Developed by Donald Lambert and featured in Commodities magazine in 1980, the Commodity Channel Index (CCI) is a versatile technical indicator that can be used to identify a new trend or warn of extreme conditions in commodities, indices, cryptocurrencies, stocks and other tradable assets. You should remember that the CCI indicator is not a good standalone tool. Like any other oscillator, the CCI needs to be combined with an additional trading tool or with multiple time-frames to make a trading strategy.
The Commodity Channel Index is calculated using the following formula:
CCI = (Typical Price – 14-SMA)/(0.015 x Mean Deviation)
where, Typical Price = (High + Low + Close)/3. Mean Deviation is the average deviation of 20-period average of typical price. 0.015 is a constant to keep majority of CCI values in the 100 to -100 range.
The Commodity Channel Index measures the difference between a stock’s typical price change and its average price change over a default look-back period of 14. High positive readings indicate that prices are well above their average, which is a show of strength. Low negative readings indicate that prices are well below their average, which is a show of weakness. As an oscillator, surges above +100 reflect strong price action that can signal the start of an uptrend. Plunges below -100 reflect weak price action that can signal the start of a downtrend.
Technically, the Commodity Channel Index favours the bulls when positive and the bears when negative. We’ll be using what is called the minority support and resistant levels of +/- 100 in a slightly different context in two time-frames, to develop our strategy on Mudrex.
If you are a short-term trader you might be focusing on short-term charts and trends. If you are a long-term trader you might be focusing on long-term charts and trends. However, when the short-term and long-term trends are in agreement you are probably right to be confident about a trade. This is the level of importance of using multiple time-frames to generate buy and sell signals.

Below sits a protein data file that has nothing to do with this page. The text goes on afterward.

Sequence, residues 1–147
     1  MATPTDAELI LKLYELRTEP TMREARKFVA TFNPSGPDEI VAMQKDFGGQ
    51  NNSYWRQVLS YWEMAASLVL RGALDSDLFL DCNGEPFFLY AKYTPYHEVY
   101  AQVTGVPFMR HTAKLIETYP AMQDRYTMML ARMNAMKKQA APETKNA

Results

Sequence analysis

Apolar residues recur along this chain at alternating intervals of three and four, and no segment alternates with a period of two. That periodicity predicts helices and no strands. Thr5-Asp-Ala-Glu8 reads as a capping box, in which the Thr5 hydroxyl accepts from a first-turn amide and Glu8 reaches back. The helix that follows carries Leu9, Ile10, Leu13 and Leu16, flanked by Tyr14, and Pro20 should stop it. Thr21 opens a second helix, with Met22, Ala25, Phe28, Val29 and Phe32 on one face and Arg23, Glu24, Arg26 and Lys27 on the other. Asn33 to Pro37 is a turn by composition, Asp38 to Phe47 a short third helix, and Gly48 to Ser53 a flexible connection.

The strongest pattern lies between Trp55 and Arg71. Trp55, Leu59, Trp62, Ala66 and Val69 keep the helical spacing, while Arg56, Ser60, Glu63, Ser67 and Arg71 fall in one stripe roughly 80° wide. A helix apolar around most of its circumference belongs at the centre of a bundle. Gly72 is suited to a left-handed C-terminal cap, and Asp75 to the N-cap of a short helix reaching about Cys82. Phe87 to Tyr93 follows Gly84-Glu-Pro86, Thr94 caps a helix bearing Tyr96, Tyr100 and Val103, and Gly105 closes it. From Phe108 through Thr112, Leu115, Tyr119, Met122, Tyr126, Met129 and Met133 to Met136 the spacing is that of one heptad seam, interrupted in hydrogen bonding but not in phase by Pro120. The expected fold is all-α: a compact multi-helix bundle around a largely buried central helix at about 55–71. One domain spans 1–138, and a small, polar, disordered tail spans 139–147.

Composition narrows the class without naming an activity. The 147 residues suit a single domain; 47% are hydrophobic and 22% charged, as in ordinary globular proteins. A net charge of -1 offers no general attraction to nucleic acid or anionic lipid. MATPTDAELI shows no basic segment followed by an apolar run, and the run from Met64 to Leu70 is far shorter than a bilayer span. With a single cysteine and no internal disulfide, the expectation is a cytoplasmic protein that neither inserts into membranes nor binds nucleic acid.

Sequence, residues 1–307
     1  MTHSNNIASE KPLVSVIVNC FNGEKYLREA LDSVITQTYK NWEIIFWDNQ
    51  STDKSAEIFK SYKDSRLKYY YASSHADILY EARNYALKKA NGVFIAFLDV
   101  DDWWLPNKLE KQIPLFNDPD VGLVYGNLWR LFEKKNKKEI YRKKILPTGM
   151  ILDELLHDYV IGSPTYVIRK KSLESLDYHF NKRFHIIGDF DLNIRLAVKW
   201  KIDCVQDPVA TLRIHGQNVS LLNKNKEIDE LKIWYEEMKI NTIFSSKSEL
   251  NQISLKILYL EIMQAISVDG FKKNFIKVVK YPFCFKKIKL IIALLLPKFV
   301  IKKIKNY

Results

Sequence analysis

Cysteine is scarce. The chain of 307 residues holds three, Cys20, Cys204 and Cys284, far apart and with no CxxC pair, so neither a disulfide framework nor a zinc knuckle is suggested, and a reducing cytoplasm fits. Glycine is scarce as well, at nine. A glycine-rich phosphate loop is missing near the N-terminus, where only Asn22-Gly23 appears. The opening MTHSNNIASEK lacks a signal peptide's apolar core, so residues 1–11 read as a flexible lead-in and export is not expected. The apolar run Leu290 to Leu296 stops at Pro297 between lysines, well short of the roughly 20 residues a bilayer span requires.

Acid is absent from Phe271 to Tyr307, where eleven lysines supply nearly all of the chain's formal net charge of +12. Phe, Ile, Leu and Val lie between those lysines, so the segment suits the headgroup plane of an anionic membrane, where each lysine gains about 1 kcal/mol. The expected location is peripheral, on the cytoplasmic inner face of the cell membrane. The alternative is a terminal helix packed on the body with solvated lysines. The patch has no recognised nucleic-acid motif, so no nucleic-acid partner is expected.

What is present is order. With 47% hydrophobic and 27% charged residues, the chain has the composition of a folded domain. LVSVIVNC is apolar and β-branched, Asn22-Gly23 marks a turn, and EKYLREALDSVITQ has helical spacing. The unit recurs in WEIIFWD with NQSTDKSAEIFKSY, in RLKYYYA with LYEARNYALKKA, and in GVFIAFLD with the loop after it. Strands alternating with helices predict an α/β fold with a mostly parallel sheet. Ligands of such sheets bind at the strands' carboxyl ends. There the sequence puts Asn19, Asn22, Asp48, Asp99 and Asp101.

We’ll be using a higher time-frame “trend chart” to define a predominant uptrend or a downtrend using CCI while a volatile lower time-frame “signal chart” to generate buy/sell signals using CCI. Bear in mind that when our trend chart indicates a possible uptrend, we’ll go long-only on our signal chart while when the trend chart indicates a possible downtrend, we’ll go short-only on our signal chart. These signals will be independent of each other while defining the buy/sell paths on the platform.
The following pairs of time-frames can be used to define our own trend/signal charts:
|Trend Chart (Predominant)||Signal Chart (Volatile)|
|15 to 30-minute||1-minute|
|4-hour||15 to 30-minute|
More information on the usage of multiple time-frames on Mudrex can be found here.
As mentioned above, to define the predominant uptrend, we’ll be using a trend chart of a higher time-frame T1. When the Commodity Channel Index moves above +100 on our longer-term chart, this indicates an upward trend, and we only watch for buy-signals on the shorter-term chart. The trend is considered up until the longer-term Commodity Channel Index dips below 0.